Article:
When the Supreme Court was hearing arguments about gay marriage, the solicitor general made some ominous comments about religious schools that don’t believe in gay marriage possibly losing their tax exemption, just as Bob Jones University did for not accepting inter-racial marriage. (That policy has since changed.)
But the IRS commissioner told a Senate committee that schools and other non-profits would not lose their tax exemption for opposing gay marriage. At least for now, unless Congress or the courts rule otherwise.
From Sarah Pullliam Bailey, IRS commissioner promises not to revoke tax-exempt status of colleges that oppose gay marriage – The Washington Post:
After the Supreme Court’s decision on gay marriage, religious leaders feared that religious universities, nonprofits and other institutions could lose their tax-exempt status. IRS Commissioner John Koskinen has promised the Senate Judiciary Oversight Subcommittee that his agency would not go after the tax-exempt status of religious colleges and universities that oppose gay marriage.
During a hearing Wednesday conducted by the Senate Subcommittee on Oversight, Agency Action, Federal Rights and Federal Courts, Sen. Mike Lee (R-Utah) asked Koskinen whether the IRS would “not, in the absence of a directive by Congress or by the courts,” take action to remove religious schools’ tax exemption.
“I can make that commitment,” Koskinen said, explaining that “we see no basis for changing our examination criteria as a result of this Supreme Court case.”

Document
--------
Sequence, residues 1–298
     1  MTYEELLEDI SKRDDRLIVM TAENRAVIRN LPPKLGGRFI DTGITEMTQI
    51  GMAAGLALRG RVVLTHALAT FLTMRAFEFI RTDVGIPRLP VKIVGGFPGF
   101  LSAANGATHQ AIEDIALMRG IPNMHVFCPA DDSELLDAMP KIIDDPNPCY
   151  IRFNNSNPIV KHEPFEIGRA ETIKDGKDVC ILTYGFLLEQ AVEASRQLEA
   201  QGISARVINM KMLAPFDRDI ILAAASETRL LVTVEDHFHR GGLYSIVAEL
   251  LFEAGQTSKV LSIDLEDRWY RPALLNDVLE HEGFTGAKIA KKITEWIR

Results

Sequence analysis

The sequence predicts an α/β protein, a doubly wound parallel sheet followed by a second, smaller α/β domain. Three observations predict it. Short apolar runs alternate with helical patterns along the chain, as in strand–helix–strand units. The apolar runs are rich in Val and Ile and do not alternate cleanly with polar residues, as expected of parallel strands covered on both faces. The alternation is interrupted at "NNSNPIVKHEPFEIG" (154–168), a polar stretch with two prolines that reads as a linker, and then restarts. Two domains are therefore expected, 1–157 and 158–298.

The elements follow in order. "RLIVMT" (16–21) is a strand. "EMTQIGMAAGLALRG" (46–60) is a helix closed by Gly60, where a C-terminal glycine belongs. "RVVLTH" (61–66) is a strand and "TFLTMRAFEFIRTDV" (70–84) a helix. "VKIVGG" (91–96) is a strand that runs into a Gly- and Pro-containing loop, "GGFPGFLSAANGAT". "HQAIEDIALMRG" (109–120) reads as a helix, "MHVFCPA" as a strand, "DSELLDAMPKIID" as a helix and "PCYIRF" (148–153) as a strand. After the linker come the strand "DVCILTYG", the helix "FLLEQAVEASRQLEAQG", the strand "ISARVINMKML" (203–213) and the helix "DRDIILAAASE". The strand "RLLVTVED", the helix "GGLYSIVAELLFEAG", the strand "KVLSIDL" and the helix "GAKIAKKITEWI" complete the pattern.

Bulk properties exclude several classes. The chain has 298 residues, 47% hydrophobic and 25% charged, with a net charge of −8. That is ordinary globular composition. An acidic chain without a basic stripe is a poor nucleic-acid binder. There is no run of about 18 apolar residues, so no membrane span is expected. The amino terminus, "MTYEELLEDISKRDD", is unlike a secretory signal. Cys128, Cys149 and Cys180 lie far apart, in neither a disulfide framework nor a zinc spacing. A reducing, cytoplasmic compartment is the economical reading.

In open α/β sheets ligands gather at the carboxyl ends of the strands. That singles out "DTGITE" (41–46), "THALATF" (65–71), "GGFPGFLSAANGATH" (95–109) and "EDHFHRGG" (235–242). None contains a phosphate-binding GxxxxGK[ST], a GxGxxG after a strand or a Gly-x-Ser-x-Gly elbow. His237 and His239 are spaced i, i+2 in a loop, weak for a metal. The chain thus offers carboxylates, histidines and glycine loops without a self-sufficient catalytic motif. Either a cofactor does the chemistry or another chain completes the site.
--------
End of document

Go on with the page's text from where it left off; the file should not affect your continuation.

Koskinen discussed the potential for such schools’ tax exemption to go under scrutiny down the road. “If we ever did that, we would issue it for public comment. There would be no surprises,” Koskinen said. “The public would have plenty of notice and plenty of opportunity to comment, and that’s not going to happen in the next two and a half years.”
Lee pointed to the Supreme Court’s oral arguments in March, when Justice Samuel A. Alito Jr. compared the case to one involving Bob Jones University, a fundamentalist Christian college in South Carolina. The Supreme Court ruled in 1983 that the school was not entitled to a tax-exempt status if it banned interracial marriage.
Solicitor General Donald B. Verrilli Jr., arguing for same-sex couples, agreed that tax-exempt status is “certainly going to be an issue.” That set off fears among religious leaders that their tax-exempt status could be questioned. Chief Justice John G. Roberts Jr. wrote for the minority that the issue will eventually come before the court.
HT: Rodney Showalter